Here’s how to cope with the change:
Fitting into the crowd
Once they’re in junior school, peer pressure can really start to kick in. They’ll probably demand clothes like their friends, a school bag like their best mate and want to listen to ‘their own’ music. It’s important that they feel part of their peer group, so don’t dismiss their requests out of hand. Your child will want to be accepted by their friends and feel good being part of the crowd. There’s nothing worse than being teased for looking ‘nerdy’, so if it means investing in a new school bag or pair of shoes, as long as it doesn’t break the bank, do it.
They won’t listen to me any more!
Sound familiar? It feels like you’re losing your child, doesn’t it? They will probably be starting to challenge your authority now and listening to their mates opinions rather than yours. Recognise that they’re growing up and that puberty is just around the corner, and try to cut them a bit of slack. Arguing all the time will get you nowhere.
But mum, everyone’s got them!
We’ve all heard that one before. From Nintendo Wii consoles and PSPs to designer labels, high-heeled shoes, spray tans and piercings. Don’t believe a word they say! Explain that you understand why they want something, but that just because their friends have it, they can’t always have it too. It’s important at this age that they learn about budgeting. When you go shopping together tell them what you’re willing to spend before you leave and try not to budge on that. Let them start to choose their own clothes. If at times you don’t like their choices, let it go. Remember, you’re not a bad parent if you say your child can’t have something, even if they make you feel like the cruellest mum on earth. Encourage them to save up for special things themselves.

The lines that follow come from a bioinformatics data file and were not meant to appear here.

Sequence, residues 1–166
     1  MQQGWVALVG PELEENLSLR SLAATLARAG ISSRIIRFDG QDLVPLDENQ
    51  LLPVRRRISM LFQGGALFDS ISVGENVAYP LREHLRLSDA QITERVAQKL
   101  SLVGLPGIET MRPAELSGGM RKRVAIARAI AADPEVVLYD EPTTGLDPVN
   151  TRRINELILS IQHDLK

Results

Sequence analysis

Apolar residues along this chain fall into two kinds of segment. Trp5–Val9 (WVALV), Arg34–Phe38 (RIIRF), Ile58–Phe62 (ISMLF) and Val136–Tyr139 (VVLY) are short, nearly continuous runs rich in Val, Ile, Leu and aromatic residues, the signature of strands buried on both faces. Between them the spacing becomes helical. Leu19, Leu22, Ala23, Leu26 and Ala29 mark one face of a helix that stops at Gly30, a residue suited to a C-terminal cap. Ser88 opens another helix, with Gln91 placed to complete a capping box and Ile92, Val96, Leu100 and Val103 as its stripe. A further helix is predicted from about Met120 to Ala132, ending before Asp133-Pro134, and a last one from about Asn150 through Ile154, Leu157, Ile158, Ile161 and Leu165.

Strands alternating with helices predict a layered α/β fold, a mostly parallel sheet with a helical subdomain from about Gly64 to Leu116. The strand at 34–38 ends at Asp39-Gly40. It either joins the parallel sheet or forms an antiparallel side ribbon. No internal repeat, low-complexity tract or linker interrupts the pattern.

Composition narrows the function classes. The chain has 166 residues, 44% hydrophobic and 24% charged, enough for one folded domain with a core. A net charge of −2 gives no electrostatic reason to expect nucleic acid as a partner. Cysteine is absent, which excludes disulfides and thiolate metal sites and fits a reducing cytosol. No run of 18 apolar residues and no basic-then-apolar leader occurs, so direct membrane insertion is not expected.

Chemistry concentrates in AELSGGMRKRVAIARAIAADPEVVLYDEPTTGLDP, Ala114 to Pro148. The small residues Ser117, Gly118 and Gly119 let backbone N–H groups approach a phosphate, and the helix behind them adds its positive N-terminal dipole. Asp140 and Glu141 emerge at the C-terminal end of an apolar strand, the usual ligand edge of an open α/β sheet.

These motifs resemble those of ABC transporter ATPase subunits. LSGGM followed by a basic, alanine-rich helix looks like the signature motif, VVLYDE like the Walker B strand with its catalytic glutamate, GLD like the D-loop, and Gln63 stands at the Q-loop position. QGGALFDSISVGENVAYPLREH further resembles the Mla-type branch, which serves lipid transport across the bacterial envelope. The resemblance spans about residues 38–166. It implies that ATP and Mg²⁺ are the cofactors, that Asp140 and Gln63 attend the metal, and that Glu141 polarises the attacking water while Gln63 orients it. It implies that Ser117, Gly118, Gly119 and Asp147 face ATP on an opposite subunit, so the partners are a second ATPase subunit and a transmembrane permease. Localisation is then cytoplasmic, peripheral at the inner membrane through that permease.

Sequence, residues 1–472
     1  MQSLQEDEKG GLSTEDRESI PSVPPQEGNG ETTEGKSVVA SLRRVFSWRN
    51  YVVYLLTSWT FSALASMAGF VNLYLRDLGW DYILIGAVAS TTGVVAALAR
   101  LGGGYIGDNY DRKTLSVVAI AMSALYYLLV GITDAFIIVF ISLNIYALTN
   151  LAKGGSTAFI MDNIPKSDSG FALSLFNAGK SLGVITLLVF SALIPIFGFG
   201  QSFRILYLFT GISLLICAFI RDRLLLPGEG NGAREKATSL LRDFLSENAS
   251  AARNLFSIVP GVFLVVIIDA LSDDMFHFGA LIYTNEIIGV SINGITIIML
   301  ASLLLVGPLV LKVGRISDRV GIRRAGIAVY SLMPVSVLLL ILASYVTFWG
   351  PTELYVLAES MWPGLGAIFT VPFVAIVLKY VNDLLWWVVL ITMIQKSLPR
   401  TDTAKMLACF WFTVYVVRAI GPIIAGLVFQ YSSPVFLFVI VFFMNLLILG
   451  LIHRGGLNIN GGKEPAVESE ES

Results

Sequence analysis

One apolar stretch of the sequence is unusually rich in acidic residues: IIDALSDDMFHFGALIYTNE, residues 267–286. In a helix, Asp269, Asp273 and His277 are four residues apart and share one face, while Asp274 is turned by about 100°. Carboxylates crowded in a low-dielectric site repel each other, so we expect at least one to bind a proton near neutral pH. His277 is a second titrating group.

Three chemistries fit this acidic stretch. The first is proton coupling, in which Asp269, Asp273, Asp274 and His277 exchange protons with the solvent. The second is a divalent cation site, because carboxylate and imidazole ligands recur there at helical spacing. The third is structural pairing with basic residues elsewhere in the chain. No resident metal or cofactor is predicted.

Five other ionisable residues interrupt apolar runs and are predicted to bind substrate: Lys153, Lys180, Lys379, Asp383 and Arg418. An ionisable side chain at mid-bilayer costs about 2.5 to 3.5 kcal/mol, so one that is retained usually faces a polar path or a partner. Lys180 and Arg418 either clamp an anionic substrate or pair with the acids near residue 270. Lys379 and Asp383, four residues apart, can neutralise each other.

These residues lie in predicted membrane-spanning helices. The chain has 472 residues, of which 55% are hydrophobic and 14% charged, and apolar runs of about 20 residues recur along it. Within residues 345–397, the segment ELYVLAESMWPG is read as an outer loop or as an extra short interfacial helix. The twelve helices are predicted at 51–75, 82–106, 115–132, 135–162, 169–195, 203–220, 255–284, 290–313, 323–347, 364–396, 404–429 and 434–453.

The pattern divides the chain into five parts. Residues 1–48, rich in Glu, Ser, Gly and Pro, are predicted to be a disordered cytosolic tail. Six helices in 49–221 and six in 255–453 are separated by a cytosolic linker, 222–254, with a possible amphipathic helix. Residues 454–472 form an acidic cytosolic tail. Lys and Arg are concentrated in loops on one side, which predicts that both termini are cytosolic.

They told me to!
Peer pressure can have an ugly side. If your child’s behaviour changes for the worse, they could be being influenced by another child to act out of character. Maybe your son has been nasty to another child or taken something and tells you: ‘but Charlie told me to.’ Try to get the facts before accusing another child, or your own child. Speak to their friends, to the teacher and to other parents to get the bigger picture. If you believe that your child’s telling the truth and that someone is influencing his behaviour, explain to him that’s it’s best if he keeps his distance for a while. Ask their teacher if your son could switch groups and work with the school to help your child cope.